Tens of thousands of protesters and thousands more law enforcement officers are expected in central Moscow on Saturday afternoon for two marches, including one billed as a response to the latest U.S. adoptions scandal.
Up to 20,000 people, including several pro-Kremlin lawmakers, are scheduled to take part in the "March in Defense of Children," where they will demand that the government improve conditions at the nation's orphanages and make it easier for Russians to adopt.
They will also gather signatures for a petition asking President Vladimir Putin to secure the return of Kristopher Shatto, a two-year-old Russian boy adopted by U.S. parents last year.
Shatto's older brother Max, 3, died in January, sparking an ugly war-of-words between Russia and the United States about the safety of thousands of Russian children adopted by U.S. parents in recent years. Russia banned U.S. adoptions as of Jan. 1.
The march is being organized by a movement called "Russian Mothers" and enjoys the support of outspoken children's ombudsman Pavel Astakhov, as well as wrestler-turned-State Duma Deputy Alexander Karelin, who recorded a video
endorsement for the march's website.
Participants will begin the march at 2 p.m. on Gogolevsky Bulvar, near the Kropotkinskaya metro station, and walk along the Boulevard Ring until they reach Pushkin Square, where a rally is scheduled for 3 p.m. to 5:30 p.m.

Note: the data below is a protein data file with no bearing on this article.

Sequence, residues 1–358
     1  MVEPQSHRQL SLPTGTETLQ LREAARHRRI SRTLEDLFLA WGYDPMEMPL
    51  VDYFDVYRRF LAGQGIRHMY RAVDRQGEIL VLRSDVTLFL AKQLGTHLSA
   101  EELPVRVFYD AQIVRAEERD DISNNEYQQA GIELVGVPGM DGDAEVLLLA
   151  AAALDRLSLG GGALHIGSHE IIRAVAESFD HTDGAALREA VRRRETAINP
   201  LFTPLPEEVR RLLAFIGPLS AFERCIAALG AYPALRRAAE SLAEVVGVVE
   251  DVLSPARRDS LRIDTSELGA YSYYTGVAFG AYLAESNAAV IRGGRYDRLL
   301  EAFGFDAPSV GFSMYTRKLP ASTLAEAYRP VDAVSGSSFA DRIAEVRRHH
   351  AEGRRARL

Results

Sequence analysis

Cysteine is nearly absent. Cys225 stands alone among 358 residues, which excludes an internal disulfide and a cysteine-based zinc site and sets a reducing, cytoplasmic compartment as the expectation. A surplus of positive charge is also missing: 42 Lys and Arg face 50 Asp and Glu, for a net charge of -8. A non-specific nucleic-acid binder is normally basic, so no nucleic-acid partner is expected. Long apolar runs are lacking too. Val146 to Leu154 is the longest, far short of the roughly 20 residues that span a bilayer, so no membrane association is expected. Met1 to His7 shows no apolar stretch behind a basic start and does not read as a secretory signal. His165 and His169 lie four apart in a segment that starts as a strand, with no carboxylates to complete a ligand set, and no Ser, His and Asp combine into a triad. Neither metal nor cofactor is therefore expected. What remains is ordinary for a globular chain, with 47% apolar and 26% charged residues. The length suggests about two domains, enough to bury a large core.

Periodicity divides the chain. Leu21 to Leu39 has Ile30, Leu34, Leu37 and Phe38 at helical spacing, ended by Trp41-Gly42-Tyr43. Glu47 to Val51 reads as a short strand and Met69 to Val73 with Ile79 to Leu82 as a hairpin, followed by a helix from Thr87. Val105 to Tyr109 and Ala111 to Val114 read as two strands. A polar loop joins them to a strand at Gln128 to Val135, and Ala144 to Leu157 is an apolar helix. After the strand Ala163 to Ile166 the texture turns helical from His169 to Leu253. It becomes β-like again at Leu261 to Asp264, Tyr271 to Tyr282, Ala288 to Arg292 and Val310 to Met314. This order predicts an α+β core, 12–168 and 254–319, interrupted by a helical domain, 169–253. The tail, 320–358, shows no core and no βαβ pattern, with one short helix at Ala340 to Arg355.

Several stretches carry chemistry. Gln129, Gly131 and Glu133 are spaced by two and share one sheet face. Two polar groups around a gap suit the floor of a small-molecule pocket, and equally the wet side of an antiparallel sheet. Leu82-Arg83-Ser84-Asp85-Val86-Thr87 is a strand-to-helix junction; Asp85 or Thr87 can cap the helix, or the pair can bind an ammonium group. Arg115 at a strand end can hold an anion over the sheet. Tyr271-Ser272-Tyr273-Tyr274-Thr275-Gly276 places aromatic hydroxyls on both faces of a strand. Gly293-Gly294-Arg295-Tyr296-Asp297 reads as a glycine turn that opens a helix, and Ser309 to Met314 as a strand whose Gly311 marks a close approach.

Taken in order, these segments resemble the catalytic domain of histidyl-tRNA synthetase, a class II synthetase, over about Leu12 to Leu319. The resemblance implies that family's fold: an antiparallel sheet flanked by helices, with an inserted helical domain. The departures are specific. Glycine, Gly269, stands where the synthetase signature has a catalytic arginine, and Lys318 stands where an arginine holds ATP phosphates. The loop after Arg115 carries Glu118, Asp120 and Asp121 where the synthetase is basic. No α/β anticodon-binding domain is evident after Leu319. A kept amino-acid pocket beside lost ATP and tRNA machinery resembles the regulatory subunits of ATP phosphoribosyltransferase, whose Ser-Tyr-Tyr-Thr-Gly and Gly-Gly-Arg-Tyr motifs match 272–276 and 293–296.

Meanwhile, up to 4,400 opposition activists, including veterans of the street protest movement, are scheduled to take part in a demonstration dubbed the "March for Muscovites' Rights."
Unlike earlier large opposition protests, which were mostly directed at President Vladimir Putin and the ruling United Russia party, Saturday's event will focus on local issues facing Muscovites.
In particular, marchers will demand that City Hall increase the public's role in regulating construction projects and selecting officials, including the mayor. They will also press Mayor Sergei Sobyanin to improve public transportation, raise pensions, and boost salaries for state employees.
The opposition march will begin at 2 p.m. on Strasnoi Bulvar, near the Pushkinskaya metro station, and continue along the Boulevard Ring to Prospekt Akademika Sakharova, where a rally is planned for 3:30 p.m. to 6 p.m.
Participants are expected to include activists from the Western-leaning Yabloko party, Solidarity, the For Human Rights movement, and other stalwart opposition groups. Opposition leader Sergei Udalstov, currently under house arrest, are among the event's organizers.
Nearly 14,000 have signed up on social networking sites to attend the demonstration.
About 4,000 law enforcement officials and volunteers will be mobilized for the demonstrations, and automobile traffic will be restricted on the Boulevard Ring for the duration, Interfax reported.